Shah Ebrahim was born in England, his father South Africa and his grandfather India. Now, back in India himself, he studies the impact of migration on health.
Professor Shah Ebrahim steps out of his office for nearly the last time. In the meeting room, ten of his 25-strong staff have gathered to discuss their application for another five years of funding for research into chronic health conditions, including the impact of factors like migration and urbanisation. He will not be part of the work that the money, if they get it, will fund: he is handing over to a new generation.
Outside, the Delhi traffic brays its incessant tune. It is distinctive enough that when Ebrahim talks to people on the phone, they can tell where he is by the background noise. The car horn is not as much of an indication of objection as it is in some other countries. In India, it is a more neutral, if noisy and continual, expression of existence: “I am here, I am moving, I am not going to stop.”
He remarks to the team, only half-joking, that auditory environment is often overlooked as a factor influencing people’s state of mind and health. But the offices of the South Asia Network for Chronic Disease (SANCD) are far from the busiest parts of the city. Two decades ago, this part of Delhi was a sleepy green suburb where children would ride their bikes in the street and stare up at the aeroplanes dreaming that they might one day get a chance to fly away somewhere. The planes multiplied and the roads got busier as the city grew; there is no safe passage for children’s bikes any more, although patches of greenery remain.
SANCD is based in a partly converted residential building on the corner of a garden square – it is spring, and the staff often eat lunch on the grass or walk around its perimeter. Their offices are on the ground floor, while the basement houses laboratories. Also in the basement are two rooms with rows of freezers: they store blood and urine samples from the Indian Migration Study, which assessed the health of 6,500 rural, migrant and urban people to understand the biological effects of moving from a village to a city.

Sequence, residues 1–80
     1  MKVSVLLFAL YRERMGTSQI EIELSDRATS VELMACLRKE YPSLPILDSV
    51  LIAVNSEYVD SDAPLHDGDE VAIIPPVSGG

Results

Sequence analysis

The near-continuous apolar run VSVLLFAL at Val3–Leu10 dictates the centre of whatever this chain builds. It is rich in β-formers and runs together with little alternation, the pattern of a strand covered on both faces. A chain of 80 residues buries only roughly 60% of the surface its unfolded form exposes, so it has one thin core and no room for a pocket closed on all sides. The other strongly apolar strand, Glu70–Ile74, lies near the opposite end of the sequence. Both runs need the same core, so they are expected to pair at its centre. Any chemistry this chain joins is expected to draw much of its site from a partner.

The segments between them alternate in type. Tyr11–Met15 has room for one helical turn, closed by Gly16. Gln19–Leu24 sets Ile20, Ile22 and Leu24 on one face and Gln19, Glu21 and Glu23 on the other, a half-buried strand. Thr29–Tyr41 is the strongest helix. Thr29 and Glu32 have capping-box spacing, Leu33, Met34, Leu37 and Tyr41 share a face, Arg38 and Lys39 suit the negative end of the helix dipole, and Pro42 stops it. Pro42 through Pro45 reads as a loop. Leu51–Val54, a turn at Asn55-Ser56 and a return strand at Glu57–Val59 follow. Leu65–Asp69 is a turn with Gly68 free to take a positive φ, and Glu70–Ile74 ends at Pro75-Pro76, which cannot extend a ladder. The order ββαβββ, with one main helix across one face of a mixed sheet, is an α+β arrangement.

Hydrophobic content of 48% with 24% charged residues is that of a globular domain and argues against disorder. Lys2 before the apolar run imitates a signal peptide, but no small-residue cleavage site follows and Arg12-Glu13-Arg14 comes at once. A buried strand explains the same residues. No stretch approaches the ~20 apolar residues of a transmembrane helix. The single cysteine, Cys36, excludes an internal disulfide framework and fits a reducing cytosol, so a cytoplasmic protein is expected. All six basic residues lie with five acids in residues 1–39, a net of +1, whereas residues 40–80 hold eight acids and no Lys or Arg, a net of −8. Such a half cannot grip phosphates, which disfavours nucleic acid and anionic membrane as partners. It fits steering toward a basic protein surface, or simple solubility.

The Indian Migration Study was led by Ebrahim, then based in the UK, and its success led him to set up SANCD in 2009. Its aims were to support the development of scientific research in India and neighbouring countries, as well as to continue investigating people’s long-term health in ever more urban environments.
It was also a chance for him to move to India, to explore the prospect of living there permanently and closing a loop of his family history. But the loop will not close. India – Delhi, in particular – has proved too bad for his health.
© Shah Ebrahim
Shah Ebrahim’s grandfather was Mohammed Kassim Ebrahim. His name was on a list telegraphed from a steamship anchored in Table Bay, South Africa, in 1899. A list of “prohibited immigrants” on board – of passengers unwelcome in Cape Town.
Kassim’s descendants agree that he was born in a village near Ratnagiri, the Indian port at which he boarded the ship to South Africa. No one knows exactly why he went, what problems he was trying to solve, what hopes he took with him. They’re not sure if he was a legal migrant or planned to jump ship. They know only that he never set foot in India again – though being on that list meant his immediate problem was setting foot in Africa.
At the end of the 19th century, nations had begun to discriminate more than ever about who to let in and how to treat them when they were there. Health concerns were a particularly convenient mask behind which racial discrimination could cower. In his letters to the Times of India, Mohandas Gandhi (who was living in Durban in 1899) reported a speech by a medical officer in Maritzburg, Natal. A (false) rumour of an outbreak of bubonic plague was spreading through the colony, and Indians were again being blamed. The medical officer supported drastic measures, including a complete ban on the import of rice and other food from India: “If it is an Indian ship it must have a secret manifest,” he railed. “Infection, unlike everywhere else, is in South Africa personal to the Indian. He and his goods only can bring the infection.”
Kassim Ebrahim got off the boat eventually. Relatives who had migrated to Cape Town in more amenable times helped him acquire a permit and legal status. He joined the family’s trading business, settled down, found love with an African woman and started a family. Life was far from easy – they were still dependent on the support of his relatives – but it paid off in 1946 when his son Donald enrolled at the University of Cape Town to read medicine. Their plan was that Donald would qualify as one of the first ever ‘Cape Coloured’ doctors and then support his family by running a small medical practice in the city.
In a single generation, the Ebrahims had risen from “prohibited immigrant” to pioneering medical student. But it was far from the end of the journey.